How much is not having a virtual assistant costing you?
It may not initially be a tangible number, but fear can be one of the greatest expenses of running a company. It keep us from making big moves that have the potential to revolutionize our business, so fear can cost business owners in big ways. We often self-sabotage, because we don’t feel like we deserve the success or we don’t feel capable of handling the next big thing if it were to actually happen. Now, these are subtle fears, but they have a major impact on our lives. A not so subtle fear for me, like many of you I’m sure, is snakes. Let’s just say, I’m not a fan of snakes. My nightmares are infrequent, but they always include snakes. Now, my life is not greatly impacted by snakes. My children will never have a pet snake as long as they live with me. I’ve had a few run-ins with snakes in the wild, which is part of why I’m not a huge fan of outside. I often say, I only camp at the Hilton if that gives you any idea how I feel about outside.
The fears I’m talking about though, are more abstract than snakes, and they’re more difficult to avoid. We may not have even had the conscious thought to verbalize the fear, and it’s pretty difficult to overcome something you aren’t even aware is a problem. One of the biggest fears I hear when it comes to outsourcing is “Can I afford it?” That’s definitely something to consider, isn’t it? And thankfully, it has a pretty concrete answer. In this episode, I want to help you think through whether you can actually afford to outsource; it’s not worth expanding your team if you can’t do it with confidence.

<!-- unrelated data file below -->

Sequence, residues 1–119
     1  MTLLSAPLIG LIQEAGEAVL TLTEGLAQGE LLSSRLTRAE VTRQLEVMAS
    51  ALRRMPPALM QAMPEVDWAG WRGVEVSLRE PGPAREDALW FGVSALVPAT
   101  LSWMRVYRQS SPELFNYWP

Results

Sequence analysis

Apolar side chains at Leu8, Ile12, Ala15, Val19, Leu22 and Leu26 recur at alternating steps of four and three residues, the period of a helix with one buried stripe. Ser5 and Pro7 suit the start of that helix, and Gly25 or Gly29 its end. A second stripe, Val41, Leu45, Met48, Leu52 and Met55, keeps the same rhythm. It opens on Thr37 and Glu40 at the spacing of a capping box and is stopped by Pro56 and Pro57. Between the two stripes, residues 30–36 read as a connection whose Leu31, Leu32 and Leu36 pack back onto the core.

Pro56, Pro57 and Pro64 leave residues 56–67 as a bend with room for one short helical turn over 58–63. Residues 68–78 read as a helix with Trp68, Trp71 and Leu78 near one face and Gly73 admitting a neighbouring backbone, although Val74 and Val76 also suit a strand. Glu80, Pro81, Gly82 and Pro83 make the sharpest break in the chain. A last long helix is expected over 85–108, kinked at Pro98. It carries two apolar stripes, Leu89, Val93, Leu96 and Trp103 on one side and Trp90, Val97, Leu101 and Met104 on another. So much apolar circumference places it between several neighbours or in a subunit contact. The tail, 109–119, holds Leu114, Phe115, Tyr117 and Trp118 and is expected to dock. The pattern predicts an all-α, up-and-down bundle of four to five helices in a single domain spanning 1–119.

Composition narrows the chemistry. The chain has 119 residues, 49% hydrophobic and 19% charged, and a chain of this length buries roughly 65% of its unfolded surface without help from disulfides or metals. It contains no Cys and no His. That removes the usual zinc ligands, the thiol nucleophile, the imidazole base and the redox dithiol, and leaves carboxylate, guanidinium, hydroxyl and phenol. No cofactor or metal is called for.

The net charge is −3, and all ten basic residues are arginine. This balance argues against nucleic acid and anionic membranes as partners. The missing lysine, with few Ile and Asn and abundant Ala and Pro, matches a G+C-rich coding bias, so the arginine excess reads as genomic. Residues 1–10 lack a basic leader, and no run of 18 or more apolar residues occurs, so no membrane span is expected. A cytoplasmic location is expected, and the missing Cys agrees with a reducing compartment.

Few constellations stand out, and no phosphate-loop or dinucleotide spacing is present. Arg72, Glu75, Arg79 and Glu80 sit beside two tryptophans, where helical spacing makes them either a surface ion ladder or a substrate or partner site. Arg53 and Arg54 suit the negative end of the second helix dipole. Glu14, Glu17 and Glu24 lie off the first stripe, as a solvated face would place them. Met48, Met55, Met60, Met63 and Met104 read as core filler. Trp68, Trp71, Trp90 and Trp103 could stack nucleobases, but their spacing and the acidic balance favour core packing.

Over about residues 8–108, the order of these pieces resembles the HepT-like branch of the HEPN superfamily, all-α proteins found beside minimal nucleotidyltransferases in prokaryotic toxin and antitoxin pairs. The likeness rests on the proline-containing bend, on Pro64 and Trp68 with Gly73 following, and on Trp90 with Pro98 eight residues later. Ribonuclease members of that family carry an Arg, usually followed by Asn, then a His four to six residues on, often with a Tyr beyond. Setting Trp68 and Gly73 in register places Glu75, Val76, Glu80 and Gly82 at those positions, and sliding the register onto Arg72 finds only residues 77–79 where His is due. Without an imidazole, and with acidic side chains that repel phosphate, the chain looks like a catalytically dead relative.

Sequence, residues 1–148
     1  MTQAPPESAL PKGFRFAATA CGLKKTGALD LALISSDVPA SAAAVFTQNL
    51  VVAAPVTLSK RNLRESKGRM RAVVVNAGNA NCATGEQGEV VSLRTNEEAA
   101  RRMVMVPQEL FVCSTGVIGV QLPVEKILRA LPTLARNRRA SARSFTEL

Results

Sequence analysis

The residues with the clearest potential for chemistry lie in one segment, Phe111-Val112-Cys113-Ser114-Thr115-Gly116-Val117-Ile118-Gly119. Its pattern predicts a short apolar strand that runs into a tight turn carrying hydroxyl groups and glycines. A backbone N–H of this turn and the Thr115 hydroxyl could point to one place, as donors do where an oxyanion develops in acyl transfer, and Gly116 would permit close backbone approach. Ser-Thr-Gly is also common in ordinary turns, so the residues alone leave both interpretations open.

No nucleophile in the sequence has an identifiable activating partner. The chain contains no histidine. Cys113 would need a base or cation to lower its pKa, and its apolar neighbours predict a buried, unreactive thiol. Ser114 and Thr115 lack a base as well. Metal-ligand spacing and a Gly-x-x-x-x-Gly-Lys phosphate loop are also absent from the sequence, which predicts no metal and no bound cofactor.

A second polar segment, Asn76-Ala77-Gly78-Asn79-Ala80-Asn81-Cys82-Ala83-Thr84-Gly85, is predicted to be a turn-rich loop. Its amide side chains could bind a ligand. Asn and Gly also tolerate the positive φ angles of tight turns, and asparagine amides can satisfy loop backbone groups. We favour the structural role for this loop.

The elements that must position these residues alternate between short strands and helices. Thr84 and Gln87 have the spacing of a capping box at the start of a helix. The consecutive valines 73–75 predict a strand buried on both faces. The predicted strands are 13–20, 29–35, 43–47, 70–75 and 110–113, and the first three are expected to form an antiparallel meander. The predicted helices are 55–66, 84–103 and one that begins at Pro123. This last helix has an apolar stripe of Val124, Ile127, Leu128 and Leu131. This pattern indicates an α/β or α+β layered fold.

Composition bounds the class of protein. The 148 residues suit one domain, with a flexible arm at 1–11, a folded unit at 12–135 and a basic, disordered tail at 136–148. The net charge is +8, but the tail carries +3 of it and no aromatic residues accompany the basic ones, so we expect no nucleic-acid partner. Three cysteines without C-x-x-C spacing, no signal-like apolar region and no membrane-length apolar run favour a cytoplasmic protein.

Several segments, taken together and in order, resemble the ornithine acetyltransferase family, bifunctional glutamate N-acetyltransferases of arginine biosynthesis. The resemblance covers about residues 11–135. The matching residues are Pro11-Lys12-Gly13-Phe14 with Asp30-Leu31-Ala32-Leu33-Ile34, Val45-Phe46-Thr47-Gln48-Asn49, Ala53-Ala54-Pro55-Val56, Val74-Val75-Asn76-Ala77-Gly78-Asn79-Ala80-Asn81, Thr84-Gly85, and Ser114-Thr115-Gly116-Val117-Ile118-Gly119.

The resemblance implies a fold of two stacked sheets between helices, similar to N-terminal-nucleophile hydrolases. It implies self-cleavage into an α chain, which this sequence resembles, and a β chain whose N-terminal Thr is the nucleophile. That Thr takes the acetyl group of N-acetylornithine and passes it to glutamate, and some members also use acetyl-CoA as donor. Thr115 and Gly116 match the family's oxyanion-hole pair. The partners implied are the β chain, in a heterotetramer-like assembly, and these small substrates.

I get it, numbers, not the most comfortable thing or easiest to talk about...believe it or not, though, one of the lesser-known things about me that is I love talking numbers. Its one of my personal favorite subjects. Like me, some of you might get excited about this fascinating topic...the rest of you I know are about ready to hit the stop button and move on to the next podcast in your queue... But please don’t. Give me 10-15 minutes of your valuable time, and I promise I’ll make it worthwhile. You can even start a countdown...
I often have this inner struggle between the creative actor in me and the logical accountant who has a soft spot for numbers. This is the typical left brain right brain conflict we all know about, but just like truly knowing a character inside and out allows me to perform on stage with confidence, a business owner can make decisions in their business with the same confidence when they know the numbers support their decision. This confidence eliminates the fear in decision making, so that’s what I want to do today. I may not be able to solve my problem with snakes in my nightmares, but I can solve some of your fears about whether you can afford to outsource by looking at the numbers. Basing business decisions on numbers driven data is a whole conversation by itself, but we’re going to keep this conversation strictly related to outsourcing, the cost of employees, the cost of virtual assistants, and ultimately, what will make sense for you.